The diagram represents a FAR analysis of Kodak.

Mintzberg’s 5Ps for Strategy

The varied definitions of strategy have made it difficult to pinpoint a specific definition that can be used to explain the concept of strategy. Because of this, Henry Mintzberg came up with the 5Ps that could be used in explicitly defining the term strategy. These 5Ps include plan, ploy, pattern, perspective and position (Frankenberger 2006: McCabe 2010: Davies and Ellison 1999).

Plan defines strategy as an intended course of action or guideline that is developed by an organization or company to deal with a given situation (Gane 2007). Plan describes strategies to be actions that are formulated purposefully and consciously in advance to deal with situations that are meant to happen or about to happen (Institute for Manufacturing 2010: Morden 2004).

Strategies that are defined by plans are intentionally organized to take place as they ensure that the progress of projects and activities has been predetermined and the expected outcomes have been projected (Tiwari 2009).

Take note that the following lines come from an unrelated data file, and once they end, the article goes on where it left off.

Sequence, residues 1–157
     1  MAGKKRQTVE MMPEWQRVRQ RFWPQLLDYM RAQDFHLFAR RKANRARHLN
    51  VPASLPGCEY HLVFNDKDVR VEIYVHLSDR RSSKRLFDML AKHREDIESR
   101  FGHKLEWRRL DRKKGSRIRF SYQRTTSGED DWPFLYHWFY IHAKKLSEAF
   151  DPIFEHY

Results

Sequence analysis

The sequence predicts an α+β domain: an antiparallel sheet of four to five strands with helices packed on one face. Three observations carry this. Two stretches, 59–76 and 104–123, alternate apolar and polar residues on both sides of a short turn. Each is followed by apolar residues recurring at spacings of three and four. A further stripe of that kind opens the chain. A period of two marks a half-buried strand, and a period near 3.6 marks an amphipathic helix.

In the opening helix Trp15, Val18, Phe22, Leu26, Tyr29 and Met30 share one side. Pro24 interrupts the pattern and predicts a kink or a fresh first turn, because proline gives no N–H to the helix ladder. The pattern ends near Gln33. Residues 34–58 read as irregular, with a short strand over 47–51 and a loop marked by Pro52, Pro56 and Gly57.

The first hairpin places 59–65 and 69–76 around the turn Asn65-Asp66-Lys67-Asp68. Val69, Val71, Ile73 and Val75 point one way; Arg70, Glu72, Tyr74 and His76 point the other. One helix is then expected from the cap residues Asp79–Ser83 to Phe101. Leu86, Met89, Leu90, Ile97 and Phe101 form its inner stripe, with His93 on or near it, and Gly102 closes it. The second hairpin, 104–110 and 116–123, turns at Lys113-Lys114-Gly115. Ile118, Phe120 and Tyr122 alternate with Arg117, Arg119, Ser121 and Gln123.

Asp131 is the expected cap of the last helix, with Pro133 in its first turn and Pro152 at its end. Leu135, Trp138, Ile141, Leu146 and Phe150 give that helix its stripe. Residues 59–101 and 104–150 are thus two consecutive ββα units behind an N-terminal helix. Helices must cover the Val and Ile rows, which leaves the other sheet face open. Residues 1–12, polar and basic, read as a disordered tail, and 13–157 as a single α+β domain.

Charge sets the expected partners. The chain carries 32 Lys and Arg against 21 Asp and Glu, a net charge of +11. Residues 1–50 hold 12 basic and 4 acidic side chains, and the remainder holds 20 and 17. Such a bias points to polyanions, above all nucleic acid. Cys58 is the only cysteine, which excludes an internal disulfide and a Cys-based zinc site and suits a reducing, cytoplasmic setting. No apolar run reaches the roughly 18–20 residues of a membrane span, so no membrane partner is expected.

Strategies that include the use of plans involve developing schedules that can be used in product developments and launches, company acquisitions and mergers, investment activities and financial ventures, human resource training programs and downsizing in companies (Campbell et al 2002). Kodak has developed a planned strategy known as the content strategy that is used in its overall marketing strategy.

The content strategy is focused on two aspects one of which is creating content that showcases the products and services that the company uses in its business operations. The tips and projects centre has been identified as the perfect example of the content strategy as it involves the use of inspirational photo essays, imaging projects and photography tips in developing the company’s content for its new product innovations and services (Hoehn 2009).